“What made you want to be a chef?” is a question ceaselessly asked to those crazy enough to be ones and make a living. The answer is often a romantic one: something to do with a mother or grandmother, a story of earthy family traditions, or a dream triggered by some childhood remembrance. Admittedly, I certainly have an answer like that too, ready to be pulled out of the hat at a moment’s notice. 

A more critical question might be “what made you still want to be a chef?” The answer, for me, is the moment I realized that you can challenge the parameters set around food, by food. It’s been around eight years since I moved from Amman, Jordan’s capital, to New York, to pursue a culinary path. I trained in a culinary school with French emphasis and worked in stiffly structured restaurants where all chefs shared the same French style of training. I thought, for a while, that this is the only way of cooking professionally, until my good friend and I toyed with the idea of creating a series of pop-ups that celebrate Middle-Eastern heritage, cuisine, and art. We sought to challenge the dynamic of our male dominated kitchens and empower our standing in the industry, while creating dinners that plate culture and literature too. We gave it an Arabic name, ‘Ghazal’, Love Ode.

Chebakia, Moroccan Desserts

In truth, the titillation of the challenge outside was punctuated by another one inside. The latter, I have come to discover, makes and breaks, sometimes simultaneously, sometimes painfully, but often creatively. On the day of the pop-up, I was standing across a shiny stainless-steel table, attentive over my thick heavy lacerated cutting board, arranging the freshly harvested sunflower sprouts so that they were all facing the same direction necessarily, with their stems pointing down inescapably. Anxiety was building up as I barely had enough time to complete my prep. The compulsion was far too strong that day. I was setting up for service and I tapped with my fingers all my needed ‘mise en place’ four times as a means of ticking off my interminable mental checklist. It was a day choreographed by a large to-do list, fighting a clock that seemed to be hopped up on something. But even when time was slipping away, I still managed to fit in all the incessant obsessive-compulsive rituals. I dried my fish with a towel as many times as I needed to be convinced it was dry enough to fabricate. I made sure that I had an even number of c-folds on my station. I checked my tool’s tray about a few dozen times, tapping my tweezers, pens, and sharpies until I felt secure enough that they were all there. But, my heart was beating out of my body, disturbing any solace in the resulting arrangement.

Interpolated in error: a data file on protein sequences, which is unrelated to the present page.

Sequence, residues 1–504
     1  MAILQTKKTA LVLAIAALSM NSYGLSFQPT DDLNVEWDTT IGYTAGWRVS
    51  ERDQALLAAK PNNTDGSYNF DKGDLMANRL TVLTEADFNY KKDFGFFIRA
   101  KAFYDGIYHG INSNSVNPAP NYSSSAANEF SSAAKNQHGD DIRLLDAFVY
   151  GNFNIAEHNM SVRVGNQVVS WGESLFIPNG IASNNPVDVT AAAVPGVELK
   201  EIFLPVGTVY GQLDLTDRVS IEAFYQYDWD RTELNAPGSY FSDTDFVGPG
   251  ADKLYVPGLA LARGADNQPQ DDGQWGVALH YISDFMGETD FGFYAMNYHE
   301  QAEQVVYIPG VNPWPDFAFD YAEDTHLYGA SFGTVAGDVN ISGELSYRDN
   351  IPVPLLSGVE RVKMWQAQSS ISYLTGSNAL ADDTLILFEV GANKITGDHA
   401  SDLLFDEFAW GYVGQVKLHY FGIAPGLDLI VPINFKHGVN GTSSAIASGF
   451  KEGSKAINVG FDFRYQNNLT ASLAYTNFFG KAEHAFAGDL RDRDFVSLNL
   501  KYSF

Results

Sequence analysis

Diners started arriving and they were greeted with glasses of cardamom coolers. The entire art loft, where the dinner was held, smelled of anise, allspice, and coriander. Gentle smoke was erupting from carefully burning frankincense. We hurried to plate the first course, a Fluke crudo with umeboshi and orange blossom. The magic of our preserved plums, ones we’ve been researching and working on for quite some time, was finally being worked. We misted ‘herb bouquets’ with orange blossom water, the whole room was filled with that distinguished floral scent. A refreshing course, a serene start of the night. It was followed by a stuffed pasta course, filled with ‘mohammara’, a Levantine spread made with red bell peppers, walnuts, garlic, and pomegranate molasses. When the diners bit into the whimsical hat-shaped pasta, they were stirred by a big pop of flavor, mellowed by the whipped goat’s milk ricotta served on the plate. The final dish was a roasted duck breast with salt-roasted parsnips and tamarind jus. Our boldest dish of the evening in terms of flavor. The duck is brushed with local raw honey, golden, glistening from a distance. The duck breast was then packed with an anise seed crust and paired with a fig and bourbon cocktail. This is a dish that feels uninhibited, one that tempts the diner to succumb to their innate desires, sip on their boozy cocktail, bite into the crispy duck skin, and give in to the indulgence of the night. Finally, we wrapped the dinner up with an airy auspiciously silky and foamy chocolate mousse, topped with “barazek”, a Middle Eastern sesame ghee holiday cookie; a nod to all the family holidays I have missed over the years being in New York. All the while, cards that had verses from iconic poems by Khalil Gibran and Nizar Qabbani accompanied every course.

The night had come to an end. We were left with the unglamorous tasks of cleaning up, putting things away, scrubbing the stove tops and mopping the floors. I’ll never forget how I felt that night. I was exhilarated. All the obsessing that had kept me up the nights leading to this paid off in some way: it breaks but it also makes. My obsessive-compulsive disorder helped put it all together and that made me feel comforted in a way I haven’t felt before. On top of that, I was able to celebrate my heritage and prove to myself that food can be presented in whatever way we want to express it to be. 

Ghazal felt like a fitting title for that night as, despite the mental challenges, the exacerbated compulsions, and in spite of the antagonism faced as an immigrant woman of color, we still have the power to express the indescribable love for what we do. There is poetry and magic in the culinary arts. A craft that’s to a large degree instinctual and sensual. A language that tells stories and unravels history. The culinary world is a place for those who are willing to push themselves hard, the backstage players and the unseen craftsmen, joined together by a common love. An honest craft, inconvenient at times, agonizing at others but one where we find joviality, acceptance, challenge and exhilaration.